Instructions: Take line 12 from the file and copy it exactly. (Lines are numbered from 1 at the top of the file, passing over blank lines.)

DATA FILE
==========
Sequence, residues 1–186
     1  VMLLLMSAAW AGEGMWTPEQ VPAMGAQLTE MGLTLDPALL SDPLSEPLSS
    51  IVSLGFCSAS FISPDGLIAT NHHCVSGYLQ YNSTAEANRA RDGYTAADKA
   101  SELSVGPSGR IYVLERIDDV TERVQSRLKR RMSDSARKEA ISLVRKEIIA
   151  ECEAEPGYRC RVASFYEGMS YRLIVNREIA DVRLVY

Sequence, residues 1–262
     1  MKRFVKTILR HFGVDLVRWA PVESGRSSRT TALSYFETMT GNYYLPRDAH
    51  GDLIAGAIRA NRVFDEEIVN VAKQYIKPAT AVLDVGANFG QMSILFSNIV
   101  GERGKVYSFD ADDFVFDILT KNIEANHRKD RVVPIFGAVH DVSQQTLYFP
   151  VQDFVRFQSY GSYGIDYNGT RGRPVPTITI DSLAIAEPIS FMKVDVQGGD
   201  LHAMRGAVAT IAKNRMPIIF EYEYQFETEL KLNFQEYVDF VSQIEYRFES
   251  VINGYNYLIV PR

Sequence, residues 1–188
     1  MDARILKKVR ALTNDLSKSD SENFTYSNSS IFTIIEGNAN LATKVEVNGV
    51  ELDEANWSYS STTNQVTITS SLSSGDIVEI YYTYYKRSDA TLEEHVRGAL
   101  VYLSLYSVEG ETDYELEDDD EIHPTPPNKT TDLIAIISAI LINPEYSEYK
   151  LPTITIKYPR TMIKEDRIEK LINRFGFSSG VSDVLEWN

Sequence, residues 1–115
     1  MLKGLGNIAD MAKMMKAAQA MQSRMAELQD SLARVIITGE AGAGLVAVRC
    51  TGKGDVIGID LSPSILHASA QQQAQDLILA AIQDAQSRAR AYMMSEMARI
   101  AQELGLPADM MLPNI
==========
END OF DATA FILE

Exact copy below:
   251  VINGYNYLIV PR